Tennessee wide receiver Jalin Hyatt (11) celebrates after scoring a touchdown against Alabama in the second half of an NCAA college football game in Knoxville, Tenn., Saturday, Oct. 24, 2020. (Caitie McMekin/Knoxville News Sentinel via AP)
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The Tennessee Volunteers have been using their open date to take a very close look at themselves.

The Volunteers (2-3) stumbled into their break having lost three straight games. Being routed by Georgia and Alabama could be expected, especially with the Crimson Tide already having won 13 straight in that rivalry. Being thumped by Kentucky was not.

“When you look at where we are at right now, obviously everybody in our program is disappointed,” coach Jeremy Pruitt said. “But I think the most important thing at this point is to figure out, No. 1 what are we doing pretty good right now? And two, what are we not and how do we fix that?”

Pruitt and his coaches have used this week to make up for practice time lost during August and September due to COVID-19 testing and tracing putting so many Vols in isolation or quarantine that practice was paused with a scrimmage later being turned into a practice.

That kept Tennessee from having a true quarterback competition. Freshman Harrison Bailey was among those missing time in quarantine, while Brian Maurer has been dealing with an injured hamstring. Both have gotten more reps this week.

Pruitt said after the 48-17 loss to Alabama that the gap wasn’t as wide as it used to be between the programs. He made clear Wednesday that didn’t show on the scoreboard, which is what coaches have to keep working on with the players.

He counted 23 missed tackles in the 48-17 loss to Alabama with the Crimson Tide getting 97 yards after contact. The Vols also have struggled on third down with too many busted coverages in the secondary, and communication is an issue.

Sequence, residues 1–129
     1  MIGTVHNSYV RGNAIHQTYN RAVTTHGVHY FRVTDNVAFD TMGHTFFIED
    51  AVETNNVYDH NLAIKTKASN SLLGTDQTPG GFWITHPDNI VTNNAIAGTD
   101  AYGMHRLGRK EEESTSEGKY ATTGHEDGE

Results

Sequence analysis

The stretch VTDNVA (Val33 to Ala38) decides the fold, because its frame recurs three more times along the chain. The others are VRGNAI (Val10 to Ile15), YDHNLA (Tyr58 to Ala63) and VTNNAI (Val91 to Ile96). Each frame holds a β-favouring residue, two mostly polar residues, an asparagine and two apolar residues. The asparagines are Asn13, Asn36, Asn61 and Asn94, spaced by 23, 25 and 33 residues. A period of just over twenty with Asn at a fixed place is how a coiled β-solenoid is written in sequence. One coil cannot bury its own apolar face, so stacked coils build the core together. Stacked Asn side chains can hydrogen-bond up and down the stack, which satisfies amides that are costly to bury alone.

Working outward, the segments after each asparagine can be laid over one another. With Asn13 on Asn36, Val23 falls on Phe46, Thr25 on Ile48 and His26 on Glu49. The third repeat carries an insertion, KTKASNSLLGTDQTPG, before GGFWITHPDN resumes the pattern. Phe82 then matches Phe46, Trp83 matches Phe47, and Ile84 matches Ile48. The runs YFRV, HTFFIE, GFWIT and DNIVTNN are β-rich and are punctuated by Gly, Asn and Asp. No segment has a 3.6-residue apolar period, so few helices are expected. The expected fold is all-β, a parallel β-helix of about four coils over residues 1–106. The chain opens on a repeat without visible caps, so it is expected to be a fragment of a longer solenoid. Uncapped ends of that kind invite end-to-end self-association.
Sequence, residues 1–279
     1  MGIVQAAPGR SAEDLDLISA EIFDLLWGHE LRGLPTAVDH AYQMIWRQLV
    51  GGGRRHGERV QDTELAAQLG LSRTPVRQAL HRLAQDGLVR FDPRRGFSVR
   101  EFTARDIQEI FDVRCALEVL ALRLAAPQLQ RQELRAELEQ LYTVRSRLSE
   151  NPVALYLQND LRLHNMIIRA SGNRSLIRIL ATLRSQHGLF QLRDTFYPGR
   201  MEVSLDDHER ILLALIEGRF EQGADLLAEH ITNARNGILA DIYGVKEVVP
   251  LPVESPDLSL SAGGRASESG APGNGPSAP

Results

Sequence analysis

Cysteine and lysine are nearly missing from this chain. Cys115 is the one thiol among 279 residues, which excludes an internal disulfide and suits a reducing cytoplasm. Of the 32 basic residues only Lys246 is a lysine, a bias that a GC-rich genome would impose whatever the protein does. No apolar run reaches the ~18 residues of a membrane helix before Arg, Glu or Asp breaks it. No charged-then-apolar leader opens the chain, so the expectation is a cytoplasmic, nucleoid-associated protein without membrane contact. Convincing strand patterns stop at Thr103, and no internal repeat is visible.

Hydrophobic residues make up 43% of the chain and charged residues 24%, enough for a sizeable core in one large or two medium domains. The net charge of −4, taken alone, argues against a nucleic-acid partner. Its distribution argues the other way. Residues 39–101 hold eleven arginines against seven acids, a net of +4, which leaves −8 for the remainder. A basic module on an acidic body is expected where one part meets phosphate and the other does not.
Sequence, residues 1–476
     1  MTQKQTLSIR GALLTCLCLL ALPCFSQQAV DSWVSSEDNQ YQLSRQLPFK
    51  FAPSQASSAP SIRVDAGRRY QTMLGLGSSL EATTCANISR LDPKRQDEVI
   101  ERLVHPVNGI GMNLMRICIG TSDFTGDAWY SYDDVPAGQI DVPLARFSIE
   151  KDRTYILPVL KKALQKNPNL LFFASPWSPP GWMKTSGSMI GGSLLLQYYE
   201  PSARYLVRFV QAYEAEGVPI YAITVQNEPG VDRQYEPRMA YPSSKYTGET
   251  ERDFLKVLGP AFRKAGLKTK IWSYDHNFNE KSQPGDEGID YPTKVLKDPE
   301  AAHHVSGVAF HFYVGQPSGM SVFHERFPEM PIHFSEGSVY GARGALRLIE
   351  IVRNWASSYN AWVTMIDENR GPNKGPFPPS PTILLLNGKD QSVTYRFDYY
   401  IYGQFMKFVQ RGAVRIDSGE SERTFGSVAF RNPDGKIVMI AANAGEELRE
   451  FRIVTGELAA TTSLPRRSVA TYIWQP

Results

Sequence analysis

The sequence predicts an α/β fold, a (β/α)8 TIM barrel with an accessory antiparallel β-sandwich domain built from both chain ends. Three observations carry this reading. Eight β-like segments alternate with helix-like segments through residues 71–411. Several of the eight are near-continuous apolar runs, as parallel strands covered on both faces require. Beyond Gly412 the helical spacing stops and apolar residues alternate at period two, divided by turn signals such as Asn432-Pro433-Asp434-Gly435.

Pruitt mentioned Keyshawn Lawrence as someone recruited to play cornerback that coaches worked at safety trying to get him on the field until injuries pushed him back to cornerback. Tamarion McDonald didn't practice until about two weeks ago.

Cornerback Alontae Taylor has struggled with an injured hamstring since fall camp. Bryce Thompson missed the Missouri game with a torn pectoral muscle. He's played the last two games but limited in practice. Shawn Shamburger and Jaylen McCollough also have missed playing time.

Tight end Jacob Warren said this open date couldn't have fallen at a much better time for the offense. He sees a group that is close to performing at the level the Vols believe they can. There's been a lot of work on fundamentals this week.

“Everyone’s talked about it,” Warren said. “It’s just a matter of execution, ... details and getting timing right, making the plays when they’re there.”

There's been plenty of talk among the Vols on how to rebound and how they want to finish this season. A year ago, Tennessee started 1-4 and finished 8-5 after winning the Gator Bowl. Then the Vols opened this season winning two straight before this skid hit.

Rebounding that way won't be as easy this season. Tennessee visits Arkansas and still has to host No. 8 Texas A&M and No. 10 Florida. These Vols want to finish this season with a winning record.

Linebacker Quavaris Crouch said he wouldn't lie and say that everything has been good. But the sophomore says the players are talking and they have great leaders working to rally the Vols.

“That’s what we are going to do,” Crouch said. "Just being positive about everything because it’s not the end of the world and we are getting better and better.”

The Vols also are getting Friday and Saturday off before starting preparations for Arkansas. That'll be a test for a program that hasn't had any COVID-19 issues over the past month. Crouch said the message has been sent for people to wear their masks if going home to visit family.

"Just know that you should have your mask on because you’re not only going to affect yourself, but you are going to affect your whole team. We still have games to play so just be smart, be disciplined and do the right thing even when it’s hard.”


Follow Teresa M. Walker at https://twitter.com/TeresaMWalker


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